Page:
Tell Henry Foster about it. Yesterday, after nearly five months of tortuously repetitive deliberation, the Senate killed off Dr Foster's attempt to win the nomination for the largely ceremonial post of US Surgeon-General. From the moment President Bill Clinton announced on 2 February that Dr Foster was his candidate for the job, the Nashville obstetrician has seen himself transformed into a political ping-pong ball in the arena of American presidential politics.
Ostensibly the question at issue has been whether the doctor is qualified to be Surgeon-General. In truth the question has been whether Mr Dole could manipulate the outcome of the debate in such a way as to improve his chances of winning the Republican nomination for next year's presidential election, a mere 17 months away.
Senator Edward Kennedy dwelt at length on Dr Foster's virtues on the Senate floor yesterday before crying out, as if in painful acknowledgement of the hopelessness of the cause, "How many more political primaries are we going to have on the floor of the United States Senate?"
Dr Foster, who is black, won a "Thousand Points of Light" award five years ago from President George Bush for his work both in research medicine and in combating teenage pregnancy among America's poor. But, as Republicans gleefully discovered after his nomination, he had carried out 39 abortions during a 38-year career in obstetrics and gynaecology.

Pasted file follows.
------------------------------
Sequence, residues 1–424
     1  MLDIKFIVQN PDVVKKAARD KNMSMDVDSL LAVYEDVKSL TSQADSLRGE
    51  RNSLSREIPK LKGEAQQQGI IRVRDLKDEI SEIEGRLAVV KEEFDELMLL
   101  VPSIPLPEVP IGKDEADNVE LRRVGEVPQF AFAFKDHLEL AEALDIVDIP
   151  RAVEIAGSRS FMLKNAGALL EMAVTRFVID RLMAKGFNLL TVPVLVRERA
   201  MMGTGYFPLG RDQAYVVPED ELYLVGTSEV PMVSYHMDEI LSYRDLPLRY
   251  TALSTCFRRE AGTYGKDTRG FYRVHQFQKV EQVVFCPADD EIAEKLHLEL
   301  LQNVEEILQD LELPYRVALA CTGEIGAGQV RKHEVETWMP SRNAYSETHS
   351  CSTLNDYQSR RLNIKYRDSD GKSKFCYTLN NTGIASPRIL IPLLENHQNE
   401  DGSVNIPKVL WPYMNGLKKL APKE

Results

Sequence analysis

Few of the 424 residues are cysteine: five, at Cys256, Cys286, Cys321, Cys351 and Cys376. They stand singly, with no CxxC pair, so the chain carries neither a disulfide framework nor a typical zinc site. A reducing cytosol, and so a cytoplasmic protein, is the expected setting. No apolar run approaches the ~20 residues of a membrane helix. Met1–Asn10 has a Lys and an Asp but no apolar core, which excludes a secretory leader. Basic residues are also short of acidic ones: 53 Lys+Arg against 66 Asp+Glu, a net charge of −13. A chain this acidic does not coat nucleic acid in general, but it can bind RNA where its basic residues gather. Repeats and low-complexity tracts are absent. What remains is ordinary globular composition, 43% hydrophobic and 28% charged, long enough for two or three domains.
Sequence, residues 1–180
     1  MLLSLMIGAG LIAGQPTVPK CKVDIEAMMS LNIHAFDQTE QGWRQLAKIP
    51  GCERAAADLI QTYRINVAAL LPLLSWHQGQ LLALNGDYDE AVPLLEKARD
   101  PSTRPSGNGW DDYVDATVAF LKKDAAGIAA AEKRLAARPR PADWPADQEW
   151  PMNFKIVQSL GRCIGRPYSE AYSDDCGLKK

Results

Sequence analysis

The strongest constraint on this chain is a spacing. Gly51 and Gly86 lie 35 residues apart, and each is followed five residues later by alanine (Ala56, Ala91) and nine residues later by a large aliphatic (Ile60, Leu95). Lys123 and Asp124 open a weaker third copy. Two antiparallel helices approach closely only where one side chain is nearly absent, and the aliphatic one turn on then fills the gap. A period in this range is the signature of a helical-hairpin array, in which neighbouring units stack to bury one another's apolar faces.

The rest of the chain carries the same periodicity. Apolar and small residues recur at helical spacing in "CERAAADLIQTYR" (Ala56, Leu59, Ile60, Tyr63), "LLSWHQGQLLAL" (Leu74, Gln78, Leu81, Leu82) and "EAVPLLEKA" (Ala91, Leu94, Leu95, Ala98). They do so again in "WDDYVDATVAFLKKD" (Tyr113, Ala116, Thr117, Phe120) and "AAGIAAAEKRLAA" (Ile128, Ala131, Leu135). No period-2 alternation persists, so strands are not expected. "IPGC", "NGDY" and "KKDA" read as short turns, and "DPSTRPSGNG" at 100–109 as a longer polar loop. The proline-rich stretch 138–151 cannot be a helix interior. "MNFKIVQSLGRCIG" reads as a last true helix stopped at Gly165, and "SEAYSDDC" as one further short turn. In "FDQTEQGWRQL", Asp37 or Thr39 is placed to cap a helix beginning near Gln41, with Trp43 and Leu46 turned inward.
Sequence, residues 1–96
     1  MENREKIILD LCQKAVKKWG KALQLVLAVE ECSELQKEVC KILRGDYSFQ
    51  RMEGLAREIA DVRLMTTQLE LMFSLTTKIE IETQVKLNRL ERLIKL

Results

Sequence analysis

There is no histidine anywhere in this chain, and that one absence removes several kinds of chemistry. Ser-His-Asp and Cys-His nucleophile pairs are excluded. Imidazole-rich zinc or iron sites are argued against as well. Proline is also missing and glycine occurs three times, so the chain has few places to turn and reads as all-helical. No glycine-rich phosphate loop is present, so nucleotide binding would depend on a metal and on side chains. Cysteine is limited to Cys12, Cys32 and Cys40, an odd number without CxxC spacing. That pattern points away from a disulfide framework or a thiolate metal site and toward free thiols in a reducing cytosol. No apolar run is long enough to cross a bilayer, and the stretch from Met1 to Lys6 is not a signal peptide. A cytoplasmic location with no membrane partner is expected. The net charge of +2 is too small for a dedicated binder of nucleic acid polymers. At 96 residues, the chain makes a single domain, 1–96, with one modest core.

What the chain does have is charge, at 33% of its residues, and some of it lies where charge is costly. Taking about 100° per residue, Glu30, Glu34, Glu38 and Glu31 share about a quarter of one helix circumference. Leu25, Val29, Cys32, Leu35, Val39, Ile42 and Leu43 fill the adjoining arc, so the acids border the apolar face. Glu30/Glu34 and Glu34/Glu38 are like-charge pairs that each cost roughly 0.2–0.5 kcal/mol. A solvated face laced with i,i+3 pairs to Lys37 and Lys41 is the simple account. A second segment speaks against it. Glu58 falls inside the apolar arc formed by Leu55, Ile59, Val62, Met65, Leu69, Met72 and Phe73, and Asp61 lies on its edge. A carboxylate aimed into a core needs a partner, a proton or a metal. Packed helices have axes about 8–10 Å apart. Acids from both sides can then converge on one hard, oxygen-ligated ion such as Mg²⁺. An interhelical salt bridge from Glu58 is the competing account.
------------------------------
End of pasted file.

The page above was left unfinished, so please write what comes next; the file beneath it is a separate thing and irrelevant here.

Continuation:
Mr Dole and his main Republican presidential rival, Senator Phil Gramm, promptly revealed their intention to use the laborious nomination process, a saga which became a thinking man's version of the OJ Simpson trial, as an opportunity to display their anti-abortion credentials. The battle was on for the hearts, votes and campaign funds of the Republican Party's Christian right. For it is a truth universally acknowledged that for a Republican nominee to win the presidential candidacy he must have the support of the Christian militants - a group whose views on abortion differ from the majority of the US electorate, who favour the woman's right to choose.
Mr Dole emerged the winner by using procedural clout to kill off Dr Foster's bid on a technicality; the Senate voted not to bring his nomination to a vote. He needed 60 senators to vote for a final vote but only 57 did. Had 60 voted in favour, then Dr Foster would have needed only 51 votes - a majority of one - to be confirmed as Surgeon-General. As it is, his dreams have bitten the dust.